HOWEVER - we need to exercise caution when we consider the implications of these findings. Firstly, the non-residence of black dads is caused by much the same set of factors that result in some white dads moving out of the family home -low economic status, unemployment, lack of education and so on, although there is some evidence that black males are also more likely to experience institutional racism which further handicaps their capacity to be regular fathers, for example, when applying for jobs. There is evidence too that Caribbean males experience discrimination within the education system which may negatively impact on their opportunity to accumulate qualifications, and therefore compete equally with other social groups in the job market. Moreover the institutional racism experienced by young Black men in the criminal justice system is well documented. Secondly, racism, especially in right-wing media reporting and representations of ethnic minorities has produced racist stereotypes of young black men as ' irresponsible' fathers or as uninvolved in their children's upbringing. These stereotypes and representations were particularly influential in the 1990s when New Right commentators such as Charles Murray, David Marsland and Norman Dennis, and British Conservative politicians accused young black men of being feckless, lazy and uncommitted to family values. A common stereotype was the notion of the 'baby father' - young black men were portrayed as only interested in having serial sexual relationships and consequently failing to take responsibility for the children they had fathered by the two or three women they were supposedly sleeping with. This stereotype was so widely accepted that it spawned a successful BBC2 drama series - Baby Father - based on a series of novels by Patrick Augustus which focused on the 'difficulties' Black men supposedly felt with coming to terms with parenthood. Newspapers such as the Daily Mail too jumped on this bandwagon and accused black males such as the boxer Lennox Lewis for failing to financially support the children he'd allegedly had with several women.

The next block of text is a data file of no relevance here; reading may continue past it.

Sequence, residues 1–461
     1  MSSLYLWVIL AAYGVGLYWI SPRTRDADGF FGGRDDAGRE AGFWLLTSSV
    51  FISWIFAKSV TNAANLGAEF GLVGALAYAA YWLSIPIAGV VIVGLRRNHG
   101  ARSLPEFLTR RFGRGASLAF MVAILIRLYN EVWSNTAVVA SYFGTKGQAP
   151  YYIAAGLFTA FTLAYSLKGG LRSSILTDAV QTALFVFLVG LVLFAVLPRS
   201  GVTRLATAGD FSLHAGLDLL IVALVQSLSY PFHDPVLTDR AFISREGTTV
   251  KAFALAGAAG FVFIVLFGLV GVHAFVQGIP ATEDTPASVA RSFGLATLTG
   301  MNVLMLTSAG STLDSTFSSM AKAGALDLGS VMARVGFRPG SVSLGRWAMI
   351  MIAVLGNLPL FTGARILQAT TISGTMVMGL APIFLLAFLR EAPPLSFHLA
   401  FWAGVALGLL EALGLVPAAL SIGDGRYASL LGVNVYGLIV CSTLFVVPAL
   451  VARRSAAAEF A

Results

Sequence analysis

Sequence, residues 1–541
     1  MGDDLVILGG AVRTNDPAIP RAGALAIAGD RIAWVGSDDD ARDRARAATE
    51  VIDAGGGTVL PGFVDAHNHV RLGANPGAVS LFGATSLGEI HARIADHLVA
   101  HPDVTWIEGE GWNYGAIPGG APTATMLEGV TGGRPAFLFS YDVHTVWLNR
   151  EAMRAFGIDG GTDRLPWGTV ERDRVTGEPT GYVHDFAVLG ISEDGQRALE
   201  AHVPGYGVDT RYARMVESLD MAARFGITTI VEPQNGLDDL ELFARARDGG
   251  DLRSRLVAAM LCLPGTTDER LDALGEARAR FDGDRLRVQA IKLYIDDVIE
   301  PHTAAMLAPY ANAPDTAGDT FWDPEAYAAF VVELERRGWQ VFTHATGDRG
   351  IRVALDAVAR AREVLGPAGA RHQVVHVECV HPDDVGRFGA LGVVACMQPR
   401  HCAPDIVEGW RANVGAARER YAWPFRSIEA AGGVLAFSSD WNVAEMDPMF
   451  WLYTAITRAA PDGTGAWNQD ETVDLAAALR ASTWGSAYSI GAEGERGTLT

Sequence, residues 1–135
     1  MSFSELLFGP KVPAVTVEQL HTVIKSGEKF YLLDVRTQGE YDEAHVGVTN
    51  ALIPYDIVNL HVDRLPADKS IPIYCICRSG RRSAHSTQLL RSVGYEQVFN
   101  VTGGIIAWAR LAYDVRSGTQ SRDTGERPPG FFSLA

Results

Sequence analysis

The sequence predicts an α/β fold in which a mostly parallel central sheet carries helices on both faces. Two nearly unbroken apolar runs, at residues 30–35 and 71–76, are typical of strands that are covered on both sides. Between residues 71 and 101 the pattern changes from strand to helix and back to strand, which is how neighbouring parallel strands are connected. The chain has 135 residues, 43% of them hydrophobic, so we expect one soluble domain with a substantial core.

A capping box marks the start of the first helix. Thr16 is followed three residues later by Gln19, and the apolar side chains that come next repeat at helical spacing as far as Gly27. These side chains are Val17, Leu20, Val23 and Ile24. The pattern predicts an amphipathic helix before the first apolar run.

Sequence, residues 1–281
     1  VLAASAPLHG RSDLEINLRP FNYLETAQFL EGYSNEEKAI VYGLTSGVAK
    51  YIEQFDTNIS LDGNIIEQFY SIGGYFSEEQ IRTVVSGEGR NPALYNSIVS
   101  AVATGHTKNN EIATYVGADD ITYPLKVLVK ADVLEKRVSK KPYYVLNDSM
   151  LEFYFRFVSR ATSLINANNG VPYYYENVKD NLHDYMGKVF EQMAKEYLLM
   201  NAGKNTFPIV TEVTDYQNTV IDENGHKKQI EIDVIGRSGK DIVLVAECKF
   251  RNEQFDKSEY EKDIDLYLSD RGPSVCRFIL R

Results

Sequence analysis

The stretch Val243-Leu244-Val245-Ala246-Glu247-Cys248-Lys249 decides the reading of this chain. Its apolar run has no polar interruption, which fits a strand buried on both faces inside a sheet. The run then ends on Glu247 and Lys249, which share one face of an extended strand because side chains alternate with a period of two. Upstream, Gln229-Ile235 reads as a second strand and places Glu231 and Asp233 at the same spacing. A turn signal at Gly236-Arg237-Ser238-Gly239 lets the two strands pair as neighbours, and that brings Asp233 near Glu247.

However, this concern with the alleged parental failing of young black men also influenced left-wing sociologists. For example, Tony Sewell, who is of African-Caribbean descent claimed absent fathers were one of the three reasons - the triple quandary - why Black boys were more likely than boys from other social groups to educationally underachieve or to be excluded from secondary school. Sewell claimed that the lack of positive male role models in the home in the form of fathers forced black boys to look for adult role models in their immediate community but these tended to be deviant, hence, the reasons why they were allegedly always in trouble or 'easily' recruited by territorial street gangs.